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Imperial Gazetteer of India, v. 19, p. 247.

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on those of British India, the Penal Code being used as a general guide
in issuing local regulations. Cases relating to caste are referred to the
Panchdyat (deliberative committee).
The State has a normal revenue of 7 lakhs, besides 1-6 lakhs
assigned to the jdgirddrs. The land revenue is for the most part
farmed out to headmen, who are responsible for the collections, though
the leases are granted directly by the State to the cultivators. The
expenditure is about 65 lakhs. Since 1877 several rough settlements
have been made, but only for short periods, the last being in 1902.
The land is assessed according to quality, the rates varying for irrigated
mota land from Rs. 8 to Rs. 4-8, for _parua land from Rs. 3-3-2 to
R s. 2, and for unirrigated mota land from Rs. 4 to RS. 2-6-5 per acre.
The incidence of land revenue demand is Rs. 1-2-5 per acre of culti-
vated area, and R. o-8-9 per acre of the total area. Excise is given
out on contract as a monopoly, and brings in Rs. 14,4oo a year.
The conversion of the Orchha coinage has not yet been undertaken,
the Gajja shdhi rupee minted at Tikamgarh being still the principal
currency. The mint was originally situated at Orchha, but was trans
ferred when the capital was changed. Gold, silver, and copper coins
are struck at this mint.
The regular army consists of 250 cavalry and i,ooo infantry, and ioo
gunners with 9o serviceable guns. The irregulars assist in policing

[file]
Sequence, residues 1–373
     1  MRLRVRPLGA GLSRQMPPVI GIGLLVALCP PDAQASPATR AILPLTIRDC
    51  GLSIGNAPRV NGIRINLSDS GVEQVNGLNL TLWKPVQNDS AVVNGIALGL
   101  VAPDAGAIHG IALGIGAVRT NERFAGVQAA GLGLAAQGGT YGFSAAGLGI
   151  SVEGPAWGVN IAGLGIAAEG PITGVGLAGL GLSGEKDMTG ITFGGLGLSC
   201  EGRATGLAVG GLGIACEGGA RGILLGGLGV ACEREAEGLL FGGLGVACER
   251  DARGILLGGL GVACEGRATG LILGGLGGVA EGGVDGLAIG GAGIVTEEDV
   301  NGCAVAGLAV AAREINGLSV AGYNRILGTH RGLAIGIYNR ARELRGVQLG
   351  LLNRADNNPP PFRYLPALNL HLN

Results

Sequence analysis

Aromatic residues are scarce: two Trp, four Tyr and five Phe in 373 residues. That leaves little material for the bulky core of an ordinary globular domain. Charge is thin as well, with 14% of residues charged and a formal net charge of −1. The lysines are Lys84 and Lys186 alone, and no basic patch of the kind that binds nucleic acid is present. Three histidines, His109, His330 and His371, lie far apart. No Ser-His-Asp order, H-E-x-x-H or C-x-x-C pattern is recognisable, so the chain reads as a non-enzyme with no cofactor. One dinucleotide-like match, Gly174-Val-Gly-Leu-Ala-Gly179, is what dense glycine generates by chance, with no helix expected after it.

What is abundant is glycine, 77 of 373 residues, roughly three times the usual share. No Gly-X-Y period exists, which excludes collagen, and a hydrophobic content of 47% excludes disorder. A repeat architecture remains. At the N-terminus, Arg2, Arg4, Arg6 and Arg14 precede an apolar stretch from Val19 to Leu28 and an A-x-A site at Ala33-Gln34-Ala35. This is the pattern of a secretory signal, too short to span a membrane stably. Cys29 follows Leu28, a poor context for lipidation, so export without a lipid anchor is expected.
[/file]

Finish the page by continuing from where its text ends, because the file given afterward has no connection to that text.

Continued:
the State, in addition to 150 regular police and 402 chauhiddrs. A
Central jail is maintained at Tikamgarh.
Orchha, like other States in Bundelkhand, is backward in educa-
tion, only a little over i per cent. of the population being returned
as literate in igoi. The Mahendra school, opened in 1866, prepares
boys for the entrance examination of the Allahabad University. There
are also 8 village schools with 234 pupils, and one girls' school with
40 pupils. The annual expenditure on education is Rs. 3,300. One
hospital has been opened at Tikamgarh and vaccination is carried out,
the annual cost of the medical establishment being Rs. 2,500.
Orchha. Town.-Former capital of the State of the same name,
in Central India, situated in 25 21' N. and 780 38' E., 3f miles from
a station on the jhansi-Manikpur section of the Great Indian Peninsula
Railway. Population (1901), 1,830. The town, which was founded
by Bharti Chand in 1531, stands on the very edge of the Betwa river
in a hollow surrounded by scrub jungle. In 1634 the jungle must
have been of considerable thickness, as in spite of its low position the
Mughals found it a difficult place to approach. In 1178,3 Vikramajit
removed the capital to TIKAMGARH, and since that time Orchha has
rapidly fallen into decay. It is now of interest only on account of its
magnificent buildings, of which the finest were erected by Bir Singh
lleo. On an island in the Betwa, which has been surrounded by
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